This article is slightly liberally biased.
Author Political Spectrum
Economic Viewpoint: 91% Left
Social Viewpoint: 64% Libertarian
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For most Americans, the term “concentration camp” conjures names like Auschwitz, Dachau and others which dotted the European countryside during World War II: places where millions of Jews, gays and others targeted by Adolf Hitler and his Nazis were sent to their horrific exterminations.
When it comes to “concentration camps,” they were hellish places liberated by American forces and their allies. In other words, when most Americans think about the US role related to concentration camps, they think, “We were the good guys.”
So perhaps the political firestorm Rep. Alexandria Ocasio-Cortez (D-NY) created when she called the caged detention facilities used to hold mass numbers of detained immigrants “concentration camps” should have been expected.
For the remark, the freshman congresswoman has faced criticism from a variety of quarters–even receiving a scolding from Chuck Todd, the nonpartisan MSNBC host.
“If you want to criticize the shameful treatment of people at our southern border, fine. You will have plenty of company, but be careful comparing them to Nazi concentration camps because they’re not at all comparable, in the slightest,” Todd said, in on-air remarks. “But here’s what is as upsetting as her comments. Some Democrats have been reluctant to condemn her remarks. They don’t want to get criticized on Twitter. Fellow New York congressman Jerry Nadler tweeted in response, ‘One of the lessons from the Holocaust is ‘Never again.’ We fail to learn that lesson when we don’t call out such inhumanity right in front of us.’ Jerry Nadler surely knows that migrant detainment camps are not the same as concentration camps. So why didn’t he just say that? Why are we so sheepish calling out people we agree with politically these days?
“Obviously this isn’t a Democratic Party thing. It’s an even bigger problem on the Republican side of the aisle when it comes to President Trump and the reluctance there. Are we really so ensconced in our political bubbles, liberal versus conservative,that we cannot talk about right versus wrong anymore? Some things are bigger than partisanship. At least they used to be. And in the interim, the crux of what is truly at stake is lost. What is this country going to do about what’s happening at the border in this humanitarian crisis? We will get to that at some point, I guess, after we have this debate.
“I have no doubt Alexandria Ocasio-Cortez cares deeply about what’s happening at the border,” Todd concluded. “But she just did the people there a tremendous disservice by distracting from their plight. She said she didn’t use those words lightly. Well, neither did I.”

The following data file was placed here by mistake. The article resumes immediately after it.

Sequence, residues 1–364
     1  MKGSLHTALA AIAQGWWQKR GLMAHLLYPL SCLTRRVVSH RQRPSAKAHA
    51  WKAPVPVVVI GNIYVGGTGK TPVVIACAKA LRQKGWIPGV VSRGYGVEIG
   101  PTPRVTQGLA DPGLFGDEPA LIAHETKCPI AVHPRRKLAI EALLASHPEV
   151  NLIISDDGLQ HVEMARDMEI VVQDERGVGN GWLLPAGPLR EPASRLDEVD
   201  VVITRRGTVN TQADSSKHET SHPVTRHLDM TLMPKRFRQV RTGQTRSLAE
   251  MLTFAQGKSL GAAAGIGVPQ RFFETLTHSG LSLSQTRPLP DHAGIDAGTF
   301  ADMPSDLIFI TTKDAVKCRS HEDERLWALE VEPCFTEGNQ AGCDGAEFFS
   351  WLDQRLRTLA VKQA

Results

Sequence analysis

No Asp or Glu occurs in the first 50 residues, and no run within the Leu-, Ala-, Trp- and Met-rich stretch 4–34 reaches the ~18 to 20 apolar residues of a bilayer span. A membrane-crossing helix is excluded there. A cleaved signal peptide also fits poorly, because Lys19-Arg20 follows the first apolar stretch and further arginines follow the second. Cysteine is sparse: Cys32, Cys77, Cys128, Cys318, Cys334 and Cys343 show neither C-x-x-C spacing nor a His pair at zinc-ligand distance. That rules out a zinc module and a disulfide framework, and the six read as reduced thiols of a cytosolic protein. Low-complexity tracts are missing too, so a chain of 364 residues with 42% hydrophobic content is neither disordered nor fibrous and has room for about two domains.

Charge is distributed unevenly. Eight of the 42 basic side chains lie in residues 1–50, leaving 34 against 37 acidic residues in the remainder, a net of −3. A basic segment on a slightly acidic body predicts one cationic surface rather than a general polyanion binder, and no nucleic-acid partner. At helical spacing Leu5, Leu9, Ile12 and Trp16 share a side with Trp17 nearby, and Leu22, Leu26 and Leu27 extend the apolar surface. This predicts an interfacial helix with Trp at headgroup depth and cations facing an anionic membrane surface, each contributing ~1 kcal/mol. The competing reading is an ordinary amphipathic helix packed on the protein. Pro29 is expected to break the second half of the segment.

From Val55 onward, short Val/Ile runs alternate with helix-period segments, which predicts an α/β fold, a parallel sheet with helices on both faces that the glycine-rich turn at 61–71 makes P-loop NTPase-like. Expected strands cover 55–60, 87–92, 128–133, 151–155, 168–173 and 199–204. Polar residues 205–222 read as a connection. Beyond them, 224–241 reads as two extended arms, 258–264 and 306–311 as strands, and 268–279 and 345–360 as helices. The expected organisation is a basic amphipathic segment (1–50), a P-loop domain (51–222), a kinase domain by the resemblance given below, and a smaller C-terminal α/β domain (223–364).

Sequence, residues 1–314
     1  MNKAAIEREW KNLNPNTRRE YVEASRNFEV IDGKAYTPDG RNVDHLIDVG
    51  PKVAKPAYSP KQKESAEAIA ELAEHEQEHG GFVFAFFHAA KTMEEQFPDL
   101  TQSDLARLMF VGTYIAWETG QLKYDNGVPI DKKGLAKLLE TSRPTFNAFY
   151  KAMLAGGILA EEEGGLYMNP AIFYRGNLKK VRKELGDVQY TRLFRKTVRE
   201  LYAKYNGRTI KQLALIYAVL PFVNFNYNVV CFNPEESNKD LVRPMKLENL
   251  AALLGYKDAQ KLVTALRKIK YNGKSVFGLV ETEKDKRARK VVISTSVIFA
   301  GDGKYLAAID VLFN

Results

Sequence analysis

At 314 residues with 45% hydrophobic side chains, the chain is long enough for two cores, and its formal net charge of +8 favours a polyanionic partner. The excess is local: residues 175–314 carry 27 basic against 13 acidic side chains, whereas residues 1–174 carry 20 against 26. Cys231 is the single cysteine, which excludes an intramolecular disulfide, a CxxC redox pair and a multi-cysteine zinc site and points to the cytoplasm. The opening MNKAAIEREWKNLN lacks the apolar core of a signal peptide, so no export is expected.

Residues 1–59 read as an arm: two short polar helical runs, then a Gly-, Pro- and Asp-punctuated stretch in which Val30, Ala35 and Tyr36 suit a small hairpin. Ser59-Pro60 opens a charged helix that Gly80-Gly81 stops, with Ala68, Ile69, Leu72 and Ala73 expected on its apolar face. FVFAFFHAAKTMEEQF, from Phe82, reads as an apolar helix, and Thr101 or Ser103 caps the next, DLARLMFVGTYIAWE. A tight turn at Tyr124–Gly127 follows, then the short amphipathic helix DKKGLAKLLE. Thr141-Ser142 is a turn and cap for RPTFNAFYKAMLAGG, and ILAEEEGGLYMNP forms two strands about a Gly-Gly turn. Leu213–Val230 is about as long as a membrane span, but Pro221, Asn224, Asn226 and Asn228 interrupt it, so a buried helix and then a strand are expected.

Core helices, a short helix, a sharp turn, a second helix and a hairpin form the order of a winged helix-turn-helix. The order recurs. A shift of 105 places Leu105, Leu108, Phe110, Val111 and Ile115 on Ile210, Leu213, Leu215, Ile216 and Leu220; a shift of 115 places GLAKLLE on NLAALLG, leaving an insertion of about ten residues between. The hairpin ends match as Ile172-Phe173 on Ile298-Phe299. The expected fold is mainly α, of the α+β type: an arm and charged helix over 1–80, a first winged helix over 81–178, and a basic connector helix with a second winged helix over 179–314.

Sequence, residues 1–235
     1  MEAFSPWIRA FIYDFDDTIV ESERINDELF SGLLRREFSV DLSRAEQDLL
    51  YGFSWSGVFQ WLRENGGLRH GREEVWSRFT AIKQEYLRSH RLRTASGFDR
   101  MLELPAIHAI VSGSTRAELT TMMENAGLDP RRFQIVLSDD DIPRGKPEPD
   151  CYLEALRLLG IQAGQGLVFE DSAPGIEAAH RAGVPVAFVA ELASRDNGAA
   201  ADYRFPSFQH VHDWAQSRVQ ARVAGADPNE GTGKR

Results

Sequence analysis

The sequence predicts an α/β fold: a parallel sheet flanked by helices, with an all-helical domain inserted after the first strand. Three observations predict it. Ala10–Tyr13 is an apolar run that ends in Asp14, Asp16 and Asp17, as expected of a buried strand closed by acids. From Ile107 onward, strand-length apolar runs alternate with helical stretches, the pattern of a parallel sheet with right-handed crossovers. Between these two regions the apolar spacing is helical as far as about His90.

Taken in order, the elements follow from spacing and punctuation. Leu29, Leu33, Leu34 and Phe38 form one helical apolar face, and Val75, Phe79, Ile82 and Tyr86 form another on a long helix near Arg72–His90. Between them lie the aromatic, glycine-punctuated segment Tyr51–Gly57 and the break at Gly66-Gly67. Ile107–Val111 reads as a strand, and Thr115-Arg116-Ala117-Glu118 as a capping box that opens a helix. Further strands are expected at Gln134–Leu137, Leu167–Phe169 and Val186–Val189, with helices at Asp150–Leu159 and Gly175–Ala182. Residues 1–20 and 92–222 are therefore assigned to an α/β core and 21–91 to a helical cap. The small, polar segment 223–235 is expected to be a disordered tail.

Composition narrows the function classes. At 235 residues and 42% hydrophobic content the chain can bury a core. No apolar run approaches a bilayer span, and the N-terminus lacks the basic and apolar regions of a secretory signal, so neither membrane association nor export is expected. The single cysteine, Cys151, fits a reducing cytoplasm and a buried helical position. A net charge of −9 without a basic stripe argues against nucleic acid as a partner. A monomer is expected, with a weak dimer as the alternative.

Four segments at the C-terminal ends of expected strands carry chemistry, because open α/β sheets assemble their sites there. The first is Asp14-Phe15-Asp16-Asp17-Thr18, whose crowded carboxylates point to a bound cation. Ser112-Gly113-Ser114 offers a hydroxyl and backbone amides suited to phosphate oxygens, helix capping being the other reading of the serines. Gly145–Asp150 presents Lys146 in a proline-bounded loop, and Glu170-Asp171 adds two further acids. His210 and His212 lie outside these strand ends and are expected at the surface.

However, given a chance to clarify her remarks, Ocasio-Cortez made clear that–despite colloquial understanding–she wasn’t bringing up “concentration camps” in the context of the Holocaust.
“There is a very clear academic consensus on what constitutes a concentration camp, and that is the mass detention of a community of people without a trial or due process,” Ocasio-Cortez said. “I think it’s pretty universally noncontroversial to say that the administration is doing exactly that and meets the academic requirement for what a concentration camp is.”
Asked specifically if she was comparing current US immigration detention to what happened in World War II, Ocasio-Cortez replied, “No, no.”
As a matter of definition, Ocasio-Cortez is not alone. Wikipedia, the worldwide and community-driven online encyclopedia and network of knowledge websites, last year added US immigration facilities to its own definition page for “concentration camps.”
And the debate opens old wounds for Japanese-Americans who, during World War II, were rounded up from their homes and sent to mass camps in the US interior. No, they were not subject to extermination, but they were held forcibly in substandard conditions. Decades later, the US government was forced to apologize for this internment.
“Part of what the toll of the Holocaust did was to reset the bar [for atrocity] so that anything short of that wasn’t even in the same universe,” Andrea Pitzer, author of One Long Night: A Global History of Concentration Camps, told The Washington Post. But, she added, “what I can tell you is, across history, every single camp system has said, ‘We are not like those other camps. Also, these people are dangerous,’ or ‘these people deserve it.’ Since the Nazi camps, since World War II, people don’t want to use ‘concentration camps’ because they don’t want to be associated with [Nazis.]”
While Ocasio-Cortez steered clear of a Holocaust analogy, others embraced the comparison.
“In 1933, there were concentration camps. In 1941, they were death camps, and that is where we are going if our consciouses are not quickly pierced,” said Angela Rye, attorney and CEO of IMPACT Strategies, a political advocacy organization based in Washington DC. “It is a problem. Do not laugh it off. Do not laugh it off.”